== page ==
1362-SP10-Lecture-9-_41285

1362-SP10-Lecture-9- - Microevolution Microevolution population , unitsthatcanevolve , populations&determineshow/whytheseva

Info iconThis preview shows pages 1–5. Sign up to view the full content.

View Full Document Right Arrow Icon
Microevolution Microevolution : heritable genetic changes that occur in a population. –N a tu r a l selection acts on individuals, but populations are the smallest nits that can volve. units that can evolve. –I n studying microevolution, one analyzes variation in natural populations & determines how/why these variations are inherited Example: change in color riants of a moth variants of a moth population What changed? hat caused this What caused this change? Macroevolution : major evolutionary events that occur over a long period, e.g., formation of a species.
Background image of page 1

Info iconThis preview has intentionally blurred sections. Sign up to view the full version.

View Full DocumentRight Arrow Icon
Variation in Natural Populations • Populations exhibit varying degrees of phenotypic variation – Quantifying phenotypic variation uantitative : small, incremental differences qua t tat e sa , ce e ta de e c e s in a character (e.g., height,wt) Display quantitative variation in plots: Mean Low variation A lot of variation Mean qualitative : characters exist in 2 or more discreet states; ( polymorphism ) (ex: purple/white flowers of a pea plant). Quantify by calculating the fre Measurement or value of trait Measurement or value of trait quency of each trait. Average heterozygosity of a population : frequency of heterozygous loci
Background image of page 2
Variation continued & Sources of Variation • Phenotypic variation may be due to genetic Hydrangea ower color differences, environmental factors, or both. –* only heritable genetic variation is subject to volutionary change flower color (same genotype for flower color) • Selection in varying environments (geographic variation) evolutionary change • Different alleles are favored in different places, or at different times; example: variation in garden snail lor; lor ries due to habitat snail occupies acidic soil color; color varies due to habitat snail occupies. • Clines: variation in character along a geographic axis. alkaline soil • Generating genetic variation Mutation: source of new alleles; most mutations are silent or harmful; gene duplication events increase the copies of alleles. Sexual reproduction: Rearrangement of existing alleles thru independent assortment, recombination, & random fertilization.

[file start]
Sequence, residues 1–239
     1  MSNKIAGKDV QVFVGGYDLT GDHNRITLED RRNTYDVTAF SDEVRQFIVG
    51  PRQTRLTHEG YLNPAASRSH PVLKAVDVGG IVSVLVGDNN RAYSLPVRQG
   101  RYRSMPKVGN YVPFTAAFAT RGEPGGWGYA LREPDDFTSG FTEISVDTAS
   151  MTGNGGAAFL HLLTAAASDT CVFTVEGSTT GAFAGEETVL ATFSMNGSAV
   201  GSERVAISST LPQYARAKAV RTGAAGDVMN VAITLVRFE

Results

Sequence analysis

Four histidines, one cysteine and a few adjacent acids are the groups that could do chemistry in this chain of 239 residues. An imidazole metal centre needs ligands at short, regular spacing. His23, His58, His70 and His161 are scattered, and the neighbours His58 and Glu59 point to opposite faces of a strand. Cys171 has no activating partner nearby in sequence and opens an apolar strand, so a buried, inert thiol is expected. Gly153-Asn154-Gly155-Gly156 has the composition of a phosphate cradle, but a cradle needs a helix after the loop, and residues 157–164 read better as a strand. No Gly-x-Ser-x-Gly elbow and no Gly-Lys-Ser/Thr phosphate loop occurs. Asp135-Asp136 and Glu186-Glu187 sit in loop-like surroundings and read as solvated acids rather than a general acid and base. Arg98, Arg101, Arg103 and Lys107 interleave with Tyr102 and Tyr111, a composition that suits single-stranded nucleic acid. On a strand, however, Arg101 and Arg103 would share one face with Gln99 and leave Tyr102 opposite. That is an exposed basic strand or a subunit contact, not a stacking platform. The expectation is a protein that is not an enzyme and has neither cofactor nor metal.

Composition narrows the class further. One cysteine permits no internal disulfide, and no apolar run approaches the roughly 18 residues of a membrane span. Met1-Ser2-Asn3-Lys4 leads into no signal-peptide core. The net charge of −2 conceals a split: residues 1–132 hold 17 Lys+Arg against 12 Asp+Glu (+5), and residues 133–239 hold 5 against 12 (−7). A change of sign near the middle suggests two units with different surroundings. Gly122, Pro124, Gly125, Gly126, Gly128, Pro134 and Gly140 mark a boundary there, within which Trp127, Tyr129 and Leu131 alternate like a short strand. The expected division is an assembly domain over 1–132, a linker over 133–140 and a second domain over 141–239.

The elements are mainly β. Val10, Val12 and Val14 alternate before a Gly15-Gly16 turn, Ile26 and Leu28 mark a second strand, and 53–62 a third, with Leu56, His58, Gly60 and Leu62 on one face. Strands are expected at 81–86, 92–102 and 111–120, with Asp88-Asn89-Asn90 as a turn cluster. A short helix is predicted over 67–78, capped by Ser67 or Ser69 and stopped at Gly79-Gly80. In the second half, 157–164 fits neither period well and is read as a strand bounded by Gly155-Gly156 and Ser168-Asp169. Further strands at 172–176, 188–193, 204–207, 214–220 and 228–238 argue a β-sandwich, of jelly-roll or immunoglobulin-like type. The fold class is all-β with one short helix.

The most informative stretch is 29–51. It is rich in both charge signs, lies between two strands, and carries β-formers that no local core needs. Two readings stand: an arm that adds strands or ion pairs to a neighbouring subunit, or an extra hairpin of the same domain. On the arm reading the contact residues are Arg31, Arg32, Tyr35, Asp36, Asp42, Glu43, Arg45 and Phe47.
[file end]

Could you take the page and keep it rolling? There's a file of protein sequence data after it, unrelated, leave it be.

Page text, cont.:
Background image of page 3

Info iconThis preview has intentionally blurred sections. Sign up to view the full version.

View Full DocumentRight Arrow Icon
Analysis of Populations: Hardy Weinberg Principle • Population: members of a species that inhabit an area & interbreed, producing fertile offspring. Genetic structure of a population described by its’ gene pool : – sum of all the alleles at all loci in a population Fixed allele : only one allele exists for a particular locus –I f 2 alleles at a locus Æ homozygous or heterozygous ch allele has a frequency (proportion) in the population: Each allele has a frequency (proportion) in the population: Example 500 wildflowers, 2 alleles for flower color: C R , C W ; alleles exhibit incomplete dominance; C R C R (red flowers) C W C W (white) C R C W (pink).
Background image of page 4
Image of page 5
This is the end of the preview. Sign up to access the rest of the document.

This note was uploaded on 04/15/2010 for the course BIOL 1362 taught by Professor Loeblich during the Spring '08 term at University of Houston.

Page1 / 17

1362-SP10-Lecture-9- - Microevolution Microevolution population , unitsthatcanevolve , populations&determineshow/whytheseva

This preview shows document pages 1 - 5. Sign up to view the full document.

View Full Document Right Arrow Icon
Ask a homework question - tutors are online